Preparing for qualitative interviewing What s the problem? What do I want to know? Start from a broader theme, then narrow it down The topic will be modified by what the interviewee says Is your topic appropriate for qualitative interviewing?
Research topic You must be interested in the issues and the topic must be grounded in the lives of your interviewees Ideas for qualitative interviewing come from everywhere Curiosity or political commitment may motivate you
Sample Representative not always possible Depends on the topic: you may wish to interview individuals who have the kind of knowledge you are interested in (purposive sampling) Snowball sampling Theoretical sampling (interviewing until you reach data saturation and letting your theory guide your choice of interviewees) … or interviewing whoever you can get hold of! (convenience sampling)
Interview schedule An outline of questions/ a script is a good idea Main questions Follow-up questions Probes Open-ended or closed questions?
Interview schedule: an example Ideas about child-rearing How would you described a good child as opposed to a bad child? How do you think they become good or bad children? When your children grow up, what kind of qualities would you like to see in him or her? Do you see yourself as a good and competent mother? Do you think people hold mothers responsible for how their children turn out? (From The Cultural Contradictions of Motherhood, Hays, 1996, Yale University Press)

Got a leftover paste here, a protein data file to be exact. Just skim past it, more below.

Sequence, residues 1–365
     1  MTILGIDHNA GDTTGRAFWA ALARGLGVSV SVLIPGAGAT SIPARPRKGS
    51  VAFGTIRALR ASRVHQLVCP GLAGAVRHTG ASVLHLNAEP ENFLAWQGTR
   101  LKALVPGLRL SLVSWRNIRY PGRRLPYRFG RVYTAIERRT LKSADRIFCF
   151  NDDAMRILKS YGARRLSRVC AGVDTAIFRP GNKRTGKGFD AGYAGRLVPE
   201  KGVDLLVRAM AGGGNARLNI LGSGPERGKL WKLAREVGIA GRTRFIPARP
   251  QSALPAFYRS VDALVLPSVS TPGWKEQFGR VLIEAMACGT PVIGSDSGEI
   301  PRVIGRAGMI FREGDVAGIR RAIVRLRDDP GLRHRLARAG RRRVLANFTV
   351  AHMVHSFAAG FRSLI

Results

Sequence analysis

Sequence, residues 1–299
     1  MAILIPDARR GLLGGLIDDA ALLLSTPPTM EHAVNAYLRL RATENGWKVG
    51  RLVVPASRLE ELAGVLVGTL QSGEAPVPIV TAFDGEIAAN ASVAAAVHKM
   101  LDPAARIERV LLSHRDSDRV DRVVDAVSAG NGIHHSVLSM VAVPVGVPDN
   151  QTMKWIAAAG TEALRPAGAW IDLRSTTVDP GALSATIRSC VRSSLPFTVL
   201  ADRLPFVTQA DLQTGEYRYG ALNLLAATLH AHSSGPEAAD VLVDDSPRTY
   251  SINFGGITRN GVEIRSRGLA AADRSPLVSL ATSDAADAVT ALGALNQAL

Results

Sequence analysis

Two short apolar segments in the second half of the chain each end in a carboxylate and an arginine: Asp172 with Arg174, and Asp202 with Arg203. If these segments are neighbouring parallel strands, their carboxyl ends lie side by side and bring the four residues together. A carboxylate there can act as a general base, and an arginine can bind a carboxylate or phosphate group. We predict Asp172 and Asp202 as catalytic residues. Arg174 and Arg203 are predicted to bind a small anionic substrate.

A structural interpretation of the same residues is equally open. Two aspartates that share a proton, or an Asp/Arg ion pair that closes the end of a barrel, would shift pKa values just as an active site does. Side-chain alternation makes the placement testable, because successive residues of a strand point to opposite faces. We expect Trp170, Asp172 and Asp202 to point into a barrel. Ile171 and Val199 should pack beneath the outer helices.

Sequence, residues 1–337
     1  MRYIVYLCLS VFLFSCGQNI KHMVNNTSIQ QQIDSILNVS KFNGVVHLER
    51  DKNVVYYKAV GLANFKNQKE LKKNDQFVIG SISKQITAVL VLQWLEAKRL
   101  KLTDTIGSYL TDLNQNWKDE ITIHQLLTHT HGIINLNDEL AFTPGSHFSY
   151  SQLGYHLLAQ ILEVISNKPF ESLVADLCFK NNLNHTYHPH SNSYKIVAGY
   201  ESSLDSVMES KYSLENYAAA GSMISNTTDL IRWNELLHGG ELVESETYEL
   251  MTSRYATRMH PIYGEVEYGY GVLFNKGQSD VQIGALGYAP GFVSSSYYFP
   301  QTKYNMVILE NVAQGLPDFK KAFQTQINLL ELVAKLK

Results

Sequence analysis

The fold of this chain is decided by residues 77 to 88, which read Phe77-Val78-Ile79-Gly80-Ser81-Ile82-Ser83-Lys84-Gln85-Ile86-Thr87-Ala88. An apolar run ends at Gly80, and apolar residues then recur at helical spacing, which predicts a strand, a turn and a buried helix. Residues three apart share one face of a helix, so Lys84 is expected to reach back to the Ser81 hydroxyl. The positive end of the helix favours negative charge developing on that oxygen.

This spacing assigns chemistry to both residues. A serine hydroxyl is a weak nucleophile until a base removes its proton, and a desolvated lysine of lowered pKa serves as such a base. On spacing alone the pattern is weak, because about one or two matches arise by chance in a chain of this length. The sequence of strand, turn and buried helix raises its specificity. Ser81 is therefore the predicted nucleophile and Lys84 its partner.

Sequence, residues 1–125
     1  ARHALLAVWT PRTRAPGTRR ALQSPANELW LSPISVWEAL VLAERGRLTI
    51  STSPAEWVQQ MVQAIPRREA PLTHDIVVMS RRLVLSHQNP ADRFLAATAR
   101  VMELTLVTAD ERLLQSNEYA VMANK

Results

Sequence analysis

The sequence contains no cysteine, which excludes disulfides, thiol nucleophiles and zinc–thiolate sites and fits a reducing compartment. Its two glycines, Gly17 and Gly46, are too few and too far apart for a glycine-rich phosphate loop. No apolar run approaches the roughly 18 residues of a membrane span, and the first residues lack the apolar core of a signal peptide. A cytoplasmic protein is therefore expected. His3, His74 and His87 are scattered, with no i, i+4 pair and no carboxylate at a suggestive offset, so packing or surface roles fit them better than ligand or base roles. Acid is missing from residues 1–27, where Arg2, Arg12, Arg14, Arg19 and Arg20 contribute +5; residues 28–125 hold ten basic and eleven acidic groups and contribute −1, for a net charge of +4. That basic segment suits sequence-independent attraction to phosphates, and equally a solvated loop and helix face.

Setting up an interview Either pre-arrange it or seize the moment and interview someone on the spot A letter/a phone-call/face-to-face Explain what an interview implies, questions, what happens to data, interviewees rights
Time How many interviews overall? How many interviews in one day? Interviewing is exhausting physically and emotionally Intense listening requires prolonged concentration No more than 3 a day Between 45 mins and 2 hrs each
Place If possible let your interviewee choose the setting Whose territory? Physical space as important as symbolic positioning of the interview in the lives of your participants Food, drink
Conduct during an interview How to begin? How to ask questions? Pussyfooting around the informants – avoiding confrontation Probing – What do you mean by that? Devil s advocate – seeking out confrontation Leading questions – suggesting an answer
Examples Do you think the media affects the way you feel about your body? WRONG! Are men more religious than women? WRONG! How are female bodies portrayed in the media? BETTER How do men/women practise religion? BETTER
Truth and validity Interviewees wish to tell it like it is Problematic Many interviewees believe in objectivity doing poststructuralism with your informants, i.e. deconstructing the dominant discourses with them f.ex. What do you think about the way eating disorders are perceived by the majority of people? Do you agree/disagree with these perceptions/opinions ?
Recording interviews 1. Notes 2. Tape/digital recorder 3. Video-recording Most people agree but some may not and they usually have a good reason.
Transcription and Translation: a Linguistic and Ethnographic Task Transcription – do it ASAP A laborious process Ethnographic translation – interpreting, constructing, converting observations into words Linguistic translation – collecting and presenting data in more than one language